Censorship is the Snake in the Garden

Apr 24, 2019

By Dane Giraud

It seems incredible now but there was a time when nearly every New Zealand suburb had a beautiful movie theatre. They could be rather baroque affairs too, with mezzanine levels and carpet on the walls. My locals were “The Starlight” in Hunters Corner, Papatoetoe, where I saw “Jaws”, “Raiders of the Lost Ark” (in possibly the greatest double-feature ever), “Rocky’s 2, 3 & 4” and “Return of The Jedi”. The first “Rocky” I saw at the “Orpheus” on Station Rd, Otahuhu, on a rare day out with my father.

 

The majestic Orpheus became a porn cinema in its waning years on the way to its final insult – an evangelical church. My friends and I, aged about 13 and wanting in on the action, purchased tweed jackets from the local Salvation Army store that, for some reason, we thought would suitably age us. We needn’t have made the effort. The old man working the ticket stall took one look at me and the moth-eaten sleeves extending well beyond my pointer finger, before taking my $5 and making me promise aloud I’d “shut my eyes during all the dirty bits”.

 

On the second level, entering the mezz, there was wall to wall posters of past films that had screened at the cinema. An “A Clockwork Orange” poster, with the iconic design of chief Droog Alex stepping through the “A” leading with a blade, struck me as instantly iconic, but what really intrigued me was the “R20” label at the bottom of it. As soon as I had identified the film as a forbidden fruit, my young mind seized on it.

 

I had to see it.

 

I developed an obsession, the first of many I would have, with censored material. I read every scrap of information on both the film and Kubrick I could find, staring at publicity stills in books for library hours, hoping they’d suddenly come to life and reveal the film’s delights. 

 

I finally saw the film and it didn’t disappoint. It also didn’t seem to impact me negatively. At least, not in the way “The Texas Chainsaw Massacre” did. I could smell the death in that film emanating off the Beta-tape. The character of “Leatherface” was so grotesque and troubling that he and his saw visited me every night for close on a year. The film traumatized me to the point that I thought I may even be having a nervous breakdown. And then I did it to myself all over again with the “Friday the 13th“ series.  

 

The odd thing about horror films is that they are an adult product that targets children. This is where their impact is maximized, in the minds of people who could buy the possibility of a Freddy Kruger. As for the harm they can inflict upon young eyes, what if I wanted to be harmed? What if that was the point? What if I wanted to be pushed to my limit by the confronting imagery? What if I wanted to stare into the abyss? From memory, something like 6 or 8 murders happened in my small community (Otahuhu) growing up, including the murder-suicide of a solo mother and her two beautiful children I went to school with. Horror was real, and all around us in economically-deprived South Auckland. We couldn’t avoid it, so why not stare it down? A horror film, in this context, seemed the safest environment to train ourselves for the inevitable. A censor’s label, therefore, remains for me a bit of a head-scratch, as it was often the sole reason my friends and I would select, rather than avoid, a magazine or film.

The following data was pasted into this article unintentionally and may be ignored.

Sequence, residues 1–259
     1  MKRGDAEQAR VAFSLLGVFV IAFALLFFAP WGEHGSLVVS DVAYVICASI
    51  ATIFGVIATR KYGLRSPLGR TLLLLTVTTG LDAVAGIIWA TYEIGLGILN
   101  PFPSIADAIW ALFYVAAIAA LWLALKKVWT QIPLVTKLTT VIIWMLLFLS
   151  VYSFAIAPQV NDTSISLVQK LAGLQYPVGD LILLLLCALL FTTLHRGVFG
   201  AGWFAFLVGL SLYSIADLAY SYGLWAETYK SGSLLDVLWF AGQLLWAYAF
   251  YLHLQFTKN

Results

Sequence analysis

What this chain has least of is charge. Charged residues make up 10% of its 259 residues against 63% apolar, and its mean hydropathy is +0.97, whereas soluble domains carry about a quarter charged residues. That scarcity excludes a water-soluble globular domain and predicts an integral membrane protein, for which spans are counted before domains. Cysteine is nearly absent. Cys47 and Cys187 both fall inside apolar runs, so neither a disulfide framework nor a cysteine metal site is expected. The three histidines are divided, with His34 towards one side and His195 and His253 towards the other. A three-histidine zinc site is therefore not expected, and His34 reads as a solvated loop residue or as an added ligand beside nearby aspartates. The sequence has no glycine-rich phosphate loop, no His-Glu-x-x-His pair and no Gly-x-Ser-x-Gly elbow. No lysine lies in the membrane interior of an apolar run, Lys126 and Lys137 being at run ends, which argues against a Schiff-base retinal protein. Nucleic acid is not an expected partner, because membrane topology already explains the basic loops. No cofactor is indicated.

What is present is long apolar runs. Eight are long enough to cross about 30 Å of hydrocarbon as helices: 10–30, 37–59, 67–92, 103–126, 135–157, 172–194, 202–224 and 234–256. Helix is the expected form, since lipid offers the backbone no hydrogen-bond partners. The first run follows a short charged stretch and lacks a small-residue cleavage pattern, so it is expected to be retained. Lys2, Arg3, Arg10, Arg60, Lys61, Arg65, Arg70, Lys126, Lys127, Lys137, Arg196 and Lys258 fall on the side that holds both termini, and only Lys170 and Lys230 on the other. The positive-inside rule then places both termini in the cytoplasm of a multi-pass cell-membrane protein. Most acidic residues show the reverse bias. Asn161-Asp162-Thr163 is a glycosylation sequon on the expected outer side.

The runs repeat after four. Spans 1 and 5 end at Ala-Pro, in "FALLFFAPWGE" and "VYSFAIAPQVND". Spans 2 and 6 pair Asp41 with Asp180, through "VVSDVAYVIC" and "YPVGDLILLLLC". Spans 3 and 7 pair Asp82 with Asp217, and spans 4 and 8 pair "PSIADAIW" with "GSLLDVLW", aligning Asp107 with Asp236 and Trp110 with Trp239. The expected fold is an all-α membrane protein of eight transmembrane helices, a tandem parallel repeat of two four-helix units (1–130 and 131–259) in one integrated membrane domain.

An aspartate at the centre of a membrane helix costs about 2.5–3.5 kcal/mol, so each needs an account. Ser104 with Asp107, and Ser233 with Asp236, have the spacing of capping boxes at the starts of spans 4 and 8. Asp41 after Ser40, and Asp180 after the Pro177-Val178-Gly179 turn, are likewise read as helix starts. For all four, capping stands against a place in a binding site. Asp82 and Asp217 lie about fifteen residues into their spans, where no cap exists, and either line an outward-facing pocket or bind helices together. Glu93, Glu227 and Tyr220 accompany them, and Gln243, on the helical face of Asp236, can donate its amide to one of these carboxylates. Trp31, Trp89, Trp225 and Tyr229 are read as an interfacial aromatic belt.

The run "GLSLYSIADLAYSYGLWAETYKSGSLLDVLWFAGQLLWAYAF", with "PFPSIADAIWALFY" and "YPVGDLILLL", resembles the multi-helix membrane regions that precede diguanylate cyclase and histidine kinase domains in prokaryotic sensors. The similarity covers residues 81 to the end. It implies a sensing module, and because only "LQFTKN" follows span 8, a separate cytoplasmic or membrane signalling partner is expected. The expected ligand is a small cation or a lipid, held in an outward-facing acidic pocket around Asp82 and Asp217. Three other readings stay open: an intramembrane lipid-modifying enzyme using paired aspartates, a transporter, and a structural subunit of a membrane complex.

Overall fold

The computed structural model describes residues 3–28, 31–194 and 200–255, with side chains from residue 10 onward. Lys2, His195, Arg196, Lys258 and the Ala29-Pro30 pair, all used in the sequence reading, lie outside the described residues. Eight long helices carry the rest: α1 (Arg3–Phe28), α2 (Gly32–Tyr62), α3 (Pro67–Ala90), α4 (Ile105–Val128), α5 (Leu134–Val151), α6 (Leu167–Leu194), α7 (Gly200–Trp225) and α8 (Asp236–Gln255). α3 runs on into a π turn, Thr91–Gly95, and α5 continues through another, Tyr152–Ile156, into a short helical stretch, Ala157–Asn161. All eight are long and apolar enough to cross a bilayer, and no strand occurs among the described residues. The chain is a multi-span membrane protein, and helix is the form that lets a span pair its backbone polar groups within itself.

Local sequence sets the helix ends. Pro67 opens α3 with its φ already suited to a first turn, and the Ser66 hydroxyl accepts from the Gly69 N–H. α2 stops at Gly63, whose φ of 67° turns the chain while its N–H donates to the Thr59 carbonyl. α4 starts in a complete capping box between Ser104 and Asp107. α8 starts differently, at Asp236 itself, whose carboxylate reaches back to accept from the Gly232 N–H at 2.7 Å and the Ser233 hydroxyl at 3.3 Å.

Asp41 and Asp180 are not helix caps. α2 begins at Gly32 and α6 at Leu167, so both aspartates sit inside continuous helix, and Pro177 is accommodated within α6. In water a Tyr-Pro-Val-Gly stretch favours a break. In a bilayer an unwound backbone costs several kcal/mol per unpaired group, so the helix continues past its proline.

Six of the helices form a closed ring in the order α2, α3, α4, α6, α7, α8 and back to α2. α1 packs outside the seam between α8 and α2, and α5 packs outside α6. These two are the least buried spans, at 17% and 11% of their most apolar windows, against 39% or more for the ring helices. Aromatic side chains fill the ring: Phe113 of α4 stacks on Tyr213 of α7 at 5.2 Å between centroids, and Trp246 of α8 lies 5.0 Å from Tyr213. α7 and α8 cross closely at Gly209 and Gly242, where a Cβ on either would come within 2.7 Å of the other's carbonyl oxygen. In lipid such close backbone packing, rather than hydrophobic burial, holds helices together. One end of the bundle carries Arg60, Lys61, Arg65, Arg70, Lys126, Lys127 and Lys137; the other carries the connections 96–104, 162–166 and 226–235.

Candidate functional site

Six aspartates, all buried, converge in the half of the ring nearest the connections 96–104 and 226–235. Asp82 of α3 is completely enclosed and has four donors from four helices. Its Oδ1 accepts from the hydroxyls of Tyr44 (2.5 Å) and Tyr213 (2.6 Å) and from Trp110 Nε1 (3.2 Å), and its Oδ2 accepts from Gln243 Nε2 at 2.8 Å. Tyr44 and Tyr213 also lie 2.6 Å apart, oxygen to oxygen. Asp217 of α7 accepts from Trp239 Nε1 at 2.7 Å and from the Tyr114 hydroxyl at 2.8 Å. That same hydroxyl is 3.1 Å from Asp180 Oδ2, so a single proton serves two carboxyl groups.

There’s no doubt an evolutionary and developmental component to getting around censorship. To assert one’s independence can mean assuming the identity you know your parents, or wider society, will disapprove of the most. Shep Gordon, the long-time manager of “Alice Cooper” spent years seeking out the gimmick that would make parents hate his client. Being hated by the old was to be loved by the young, and, in this context, to be censored was a coup. On a state level, what power deems intolerable is instantly made more attractive to certain quarters of society, simply by the decree.

 

Censorship is an enticement, always has been, and always will be. We imbue art and politics with a magnetism they often don’t deserve when we ban them, making their pursuit irresistible, a rite of passage even, for the young.

 

Knowing this, would the stain on humanity responsible for the atrocity in Christchurch be disappointed to know his manifesto is now banned in NZ?

 

Or would he consider the NZ government in his employ?